Experimental Verification of Bayesian Planet Detection Algorithms with a Shaped Pupil Coronagraph


Dmitry Savransky, Tyler D. Groff, N. Jeremy Kasdin


Department of Mechanical and Aerospace Engineering, Princeton University


We evaluate the feasibility of applying Bayesian detection techniques to discovering exoplanets using high contrast laboratory data with simulated planetary signals.  Background images are generated at the Princeton High Contrast Imaging Lab (HCIL), with a coronagraphic system utilizing a shaped pupil and two deformable mirrors (DMs) in series. Estimates of the electric field at the science camera are used to correct for quasi-static speckle and produce symmetric high contrast dark regions in the image plane.  Planetary signals are added in software, or via a physical star-planet simulator which adds a second off-axis point source before the coronagraph with a beam recombiner, calibrated to a fixed contrast level relative to the source.  We produce a variety of images, with varying integration times and simulated planetary brightness. We then apply automated detection algorithms such as matched filtering to attempt to extract the planetary signals. This allows us to evaluate the efficiency of these techniques in detecting planets in a high noise regime and eliminating false positives, as well as to test existing algorithms for calculating the required integration times for these techniques to be applicable.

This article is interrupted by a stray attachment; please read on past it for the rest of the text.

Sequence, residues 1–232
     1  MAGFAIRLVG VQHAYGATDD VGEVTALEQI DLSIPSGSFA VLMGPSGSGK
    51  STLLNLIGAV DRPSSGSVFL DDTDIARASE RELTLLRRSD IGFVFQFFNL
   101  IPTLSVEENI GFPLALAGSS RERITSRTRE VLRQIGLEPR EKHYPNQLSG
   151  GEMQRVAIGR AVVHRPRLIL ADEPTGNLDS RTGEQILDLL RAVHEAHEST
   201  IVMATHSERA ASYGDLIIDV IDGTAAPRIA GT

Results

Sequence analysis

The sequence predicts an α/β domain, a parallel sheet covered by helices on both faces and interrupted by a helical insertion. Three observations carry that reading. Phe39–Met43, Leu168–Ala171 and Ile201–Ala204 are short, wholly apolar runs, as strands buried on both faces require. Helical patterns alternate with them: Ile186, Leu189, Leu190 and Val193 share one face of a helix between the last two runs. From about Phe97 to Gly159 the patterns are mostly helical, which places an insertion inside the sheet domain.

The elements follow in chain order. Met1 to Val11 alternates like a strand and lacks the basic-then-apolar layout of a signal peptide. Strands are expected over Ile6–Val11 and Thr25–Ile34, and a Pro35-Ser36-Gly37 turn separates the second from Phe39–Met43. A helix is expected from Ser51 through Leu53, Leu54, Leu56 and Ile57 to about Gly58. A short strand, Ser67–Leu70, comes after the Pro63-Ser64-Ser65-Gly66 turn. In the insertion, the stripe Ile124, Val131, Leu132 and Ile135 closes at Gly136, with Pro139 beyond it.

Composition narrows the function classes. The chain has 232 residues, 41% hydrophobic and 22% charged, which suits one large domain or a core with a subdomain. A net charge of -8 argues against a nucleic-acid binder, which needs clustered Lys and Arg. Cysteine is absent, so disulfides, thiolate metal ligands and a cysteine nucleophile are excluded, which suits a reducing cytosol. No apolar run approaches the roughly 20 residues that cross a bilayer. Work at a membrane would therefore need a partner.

Attached documents

Lyot2010proc s8 poster SavranskyD.pdf
PDF, 1.2 Mb